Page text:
Since state Rep. Barb Ehardt, R-Idaho Falls, first criticized Boise State University’s spending on radical social justice programs, the left has tried to paint conservatives as knuckle-dragging Neanderthals, sexists, and racists.
Misguided people on the left don’t want you to understand that conservatives work to make college accessible to all. Conservatives believe that all people, of every race, faith, and preference — everyone — should enjoy the blessings of education.
University apologists can’t defend the obvious truth: University costs are up, which makes college inaccessible for low-income families and challenging for middle-class families.
College costs are up, in large part, due to administrative bloat at universities. Schools are adding administrators and support staffers by the boatload, leading to large budget increases. These employees often serve to promote certain political agendas, not further enlightenment and instruction.
Support staff includes, for example, someone like Boise State’s Francisco Salinas, who earns nearly $80,000 a year, plus benefits, while directing the school’s diversity efforts. You might recall that Salinas intimated that a conservative BSU professor fueled neo-Nazi rhetoric simply because the professor postulated that transgenderism threatens parental rights.
The University of Idaho employs its own diversity cop. Yolando Bisbee, the school’s chief diversity officer, earns nearly $140,000 a year, plus benefits. Part of her job is to facilitate so-called safe space training around campus. Her office also provides guidance for students and faculty in Halloween costume selection to ensure some people aren’t offended.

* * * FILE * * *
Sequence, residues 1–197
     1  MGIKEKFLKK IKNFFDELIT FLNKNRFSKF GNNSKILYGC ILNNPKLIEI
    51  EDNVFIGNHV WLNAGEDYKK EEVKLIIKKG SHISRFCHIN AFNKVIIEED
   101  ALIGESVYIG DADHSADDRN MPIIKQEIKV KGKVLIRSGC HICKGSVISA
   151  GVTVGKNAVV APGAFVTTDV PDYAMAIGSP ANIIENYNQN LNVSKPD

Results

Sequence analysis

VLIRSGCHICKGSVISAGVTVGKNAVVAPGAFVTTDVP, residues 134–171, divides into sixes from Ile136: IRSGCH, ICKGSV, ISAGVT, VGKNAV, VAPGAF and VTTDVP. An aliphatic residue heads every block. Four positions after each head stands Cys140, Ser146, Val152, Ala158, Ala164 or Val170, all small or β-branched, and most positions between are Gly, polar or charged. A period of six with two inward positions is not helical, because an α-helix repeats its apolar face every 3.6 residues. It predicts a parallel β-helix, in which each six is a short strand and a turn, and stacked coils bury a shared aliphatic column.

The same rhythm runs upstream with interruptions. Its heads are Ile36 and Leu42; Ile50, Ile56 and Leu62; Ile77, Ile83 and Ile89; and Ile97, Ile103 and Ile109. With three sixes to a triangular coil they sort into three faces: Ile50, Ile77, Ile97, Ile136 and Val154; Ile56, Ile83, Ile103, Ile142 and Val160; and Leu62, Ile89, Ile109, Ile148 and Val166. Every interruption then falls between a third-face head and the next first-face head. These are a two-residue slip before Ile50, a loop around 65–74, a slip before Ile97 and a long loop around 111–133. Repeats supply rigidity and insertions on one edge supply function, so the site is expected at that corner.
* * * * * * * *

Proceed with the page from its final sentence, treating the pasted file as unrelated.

Meanwhile, tuition races to the moon. BSU’s tuition has more than doubled from $3,520 per year in 2004-05 to $7,694 in 2018-19. University of Idaho tuition has also more than doubled from $3,520 per semester to $7,864 during the same period. Closer to home, ISU tuition has increased from $3,700 each semester in 2004-05 to $7,420 in 2018-19.
Keep in mind, too, that less than 60 percent of University of Idaho freshmen will earn their undergraduate degrees within six years. At BSU, that number’s a dismal 44 percent. Overall, a 2018 National Student Clearinghouse Research Center study found that only about 50 percent of students who enter Idaho’s higher education institutions leave with a degree, one of the worst rates in the nation.
Those who do earn a degree leave campus with loads of debt. A separate 2018 study by The Institute for College Access and Success found that Idaho students who borrowed to pay for college and graduated in 2017 departed with nearly $27,000 in student loan debt. That’s slightly better than the national average, but nothing to be proud of.
Idaho has much work to do to make college accessible to all. But that work shouldn’t focus on hiring diversity cops to police speech and enforce racial quotas in hiring. Instead, decision-makers should focus solely on bringing down tuition costs, which would allow diverse populations to more affordably enjoy the blessings of education.